Is There Anything An Inventor Must Do Before Filing For A Patent Application In A Foreign Country?

For inventions made in the US, the inventor sometimes first must obtain a license from the USPTO Director before applying for a foreign patent. This is required if the foreign application deadline is before the US application deadline, or the foreign application is due before six months have elapsed from the time the inventor filed his US application unless he earlier obtained a filing receipt with a license grant.

A license is not required six months after the US filing date, unless the invention is ordered to be kept secret. If there is an order to keep it secret, the USPTO Director must consent to the filing of a foreign patent application while the order of secrecy is still in effect.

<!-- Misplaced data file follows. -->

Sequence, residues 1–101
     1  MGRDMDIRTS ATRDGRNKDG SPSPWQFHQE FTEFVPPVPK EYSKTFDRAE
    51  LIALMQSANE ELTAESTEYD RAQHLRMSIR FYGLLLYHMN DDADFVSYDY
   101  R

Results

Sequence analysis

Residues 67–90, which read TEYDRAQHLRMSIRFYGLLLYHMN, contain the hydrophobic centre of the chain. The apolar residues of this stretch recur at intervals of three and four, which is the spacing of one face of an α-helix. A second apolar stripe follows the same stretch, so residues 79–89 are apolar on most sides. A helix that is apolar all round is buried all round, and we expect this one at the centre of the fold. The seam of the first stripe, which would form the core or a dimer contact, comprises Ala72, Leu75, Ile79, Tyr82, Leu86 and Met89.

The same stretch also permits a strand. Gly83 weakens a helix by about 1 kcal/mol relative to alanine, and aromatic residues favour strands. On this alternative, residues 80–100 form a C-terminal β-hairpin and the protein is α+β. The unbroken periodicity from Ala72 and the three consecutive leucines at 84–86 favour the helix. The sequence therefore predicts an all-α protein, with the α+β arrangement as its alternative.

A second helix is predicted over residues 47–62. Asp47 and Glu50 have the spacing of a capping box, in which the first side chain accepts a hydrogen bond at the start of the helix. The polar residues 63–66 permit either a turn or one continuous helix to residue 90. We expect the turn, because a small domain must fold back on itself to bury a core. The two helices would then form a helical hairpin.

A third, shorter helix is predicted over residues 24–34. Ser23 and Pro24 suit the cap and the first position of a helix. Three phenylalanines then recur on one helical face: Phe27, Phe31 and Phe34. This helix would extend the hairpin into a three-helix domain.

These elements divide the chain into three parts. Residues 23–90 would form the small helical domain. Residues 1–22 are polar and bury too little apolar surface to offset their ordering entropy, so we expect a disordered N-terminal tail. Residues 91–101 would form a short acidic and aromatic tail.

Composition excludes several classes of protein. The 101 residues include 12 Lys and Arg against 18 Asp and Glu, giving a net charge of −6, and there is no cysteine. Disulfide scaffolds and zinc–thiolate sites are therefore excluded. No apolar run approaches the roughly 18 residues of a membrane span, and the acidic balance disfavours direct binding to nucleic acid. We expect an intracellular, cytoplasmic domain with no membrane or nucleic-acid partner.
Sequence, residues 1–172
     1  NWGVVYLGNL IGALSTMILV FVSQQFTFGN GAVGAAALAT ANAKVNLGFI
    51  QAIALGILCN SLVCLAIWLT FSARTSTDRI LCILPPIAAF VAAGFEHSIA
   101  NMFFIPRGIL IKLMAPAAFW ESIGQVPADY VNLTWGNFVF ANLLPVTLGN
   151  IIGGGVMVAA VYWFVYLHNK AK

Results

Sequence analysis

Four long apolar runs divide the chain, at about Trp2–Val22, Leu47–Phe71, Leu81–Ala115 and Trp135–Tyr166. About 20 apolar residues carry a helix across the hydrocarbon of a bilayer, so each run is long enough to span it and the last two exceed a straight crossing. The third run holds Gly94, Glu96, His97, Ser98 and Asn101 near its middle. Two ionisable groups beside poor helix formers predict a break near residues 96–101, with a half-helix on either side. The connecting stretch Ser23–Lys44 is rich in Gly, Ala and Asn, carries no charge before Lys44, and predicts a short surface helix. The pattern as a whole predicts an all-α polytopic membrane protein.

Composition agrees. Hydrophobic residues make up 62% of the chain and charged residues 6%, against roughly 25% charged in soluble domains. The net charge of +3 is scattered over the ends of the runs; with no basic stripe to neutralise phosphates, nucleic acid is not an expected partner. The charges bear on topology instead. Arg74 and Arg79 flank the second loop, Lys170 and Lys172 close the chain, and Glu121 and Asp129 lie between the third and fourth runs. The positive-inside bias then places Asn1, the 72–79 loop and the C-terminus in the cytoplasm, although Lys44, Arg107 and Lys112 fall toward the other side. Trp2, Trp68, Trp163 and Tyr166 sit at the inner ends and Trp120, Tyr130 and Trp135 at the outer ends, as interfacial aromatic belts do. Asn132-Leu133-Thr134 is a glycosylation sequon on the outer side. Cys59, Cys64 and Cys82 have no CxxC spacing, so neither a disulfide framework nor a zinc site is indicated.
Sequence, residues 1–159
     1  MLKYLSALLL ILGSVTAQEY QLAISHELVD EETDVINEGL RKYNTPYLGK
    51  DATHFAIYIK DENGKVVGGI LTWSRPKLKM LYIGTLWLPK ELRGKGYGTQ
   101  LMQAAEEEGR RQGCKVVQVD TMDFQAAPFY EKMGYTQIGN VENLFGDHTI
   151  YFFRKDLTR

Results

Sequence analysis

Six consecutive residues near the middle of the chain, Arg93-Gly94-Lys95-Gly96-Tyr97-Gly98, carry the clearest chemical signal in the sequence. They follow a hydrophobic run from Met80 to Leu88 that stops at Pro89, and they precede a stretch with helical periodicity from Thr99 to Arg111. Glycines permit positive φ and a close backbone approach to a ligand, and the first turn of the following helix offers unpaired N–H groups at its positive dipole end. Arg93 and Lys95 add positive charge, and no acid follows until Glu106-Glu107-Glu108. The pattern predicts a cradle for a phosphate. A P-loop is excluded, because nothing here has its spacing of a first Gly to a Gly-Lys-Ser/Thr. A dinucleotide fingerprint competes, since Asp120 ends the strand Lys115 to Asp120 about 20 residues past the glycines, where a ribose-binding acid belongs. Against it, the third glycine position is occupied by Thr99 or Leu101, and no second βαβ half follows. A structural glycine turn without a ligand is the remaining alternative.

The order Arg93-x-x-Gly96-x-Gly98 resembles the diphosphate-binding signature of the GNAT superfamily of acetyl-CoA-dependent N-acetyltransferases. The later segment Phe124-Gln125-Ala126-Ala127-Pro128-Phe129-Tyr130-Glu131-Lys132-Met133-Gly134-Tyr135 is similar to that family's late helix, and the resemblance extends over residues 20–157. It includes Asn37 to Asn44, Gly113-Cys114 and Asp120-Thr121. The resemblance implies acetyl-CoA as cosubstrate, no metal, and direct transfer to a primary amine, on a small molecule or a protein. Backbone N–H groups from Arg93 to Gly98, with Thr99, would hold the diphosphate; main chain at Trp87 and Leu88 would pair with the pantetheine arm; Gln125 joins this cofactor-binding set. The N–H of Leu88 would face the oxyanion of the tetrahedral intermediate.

Can Multiple Inventions Be Described In One Provisional Application?

Yes,  you can include multiple invention disclosures in one provisional patent.  The PTO does charge extra fees if you exceed a particular number of pages in your application.

What’S The Difference Between A Patent Attorney And Agent?

Both can prepare a patent application and conduct USPTO prosecution. But only an attorney can practice law; for example, an attorney can conduct patent litigation in the courts while an agent cannot.

How Do I Finance And/Or Market My Invention?

You can raise funds from friends and families, angels, and venture capitalists.  The Small Business Administration (SBA) provides excellent information on starting, planning, marketing, obtaining venture capital, and financing a small business. The SBA also provides training and counseling for SBA loan programs.   You also can get help from your local Small Business Development Center (SBDC).

How Does An Attorney Or Agent Get On The Uspto Registry Of Patent Attorneys And Agents?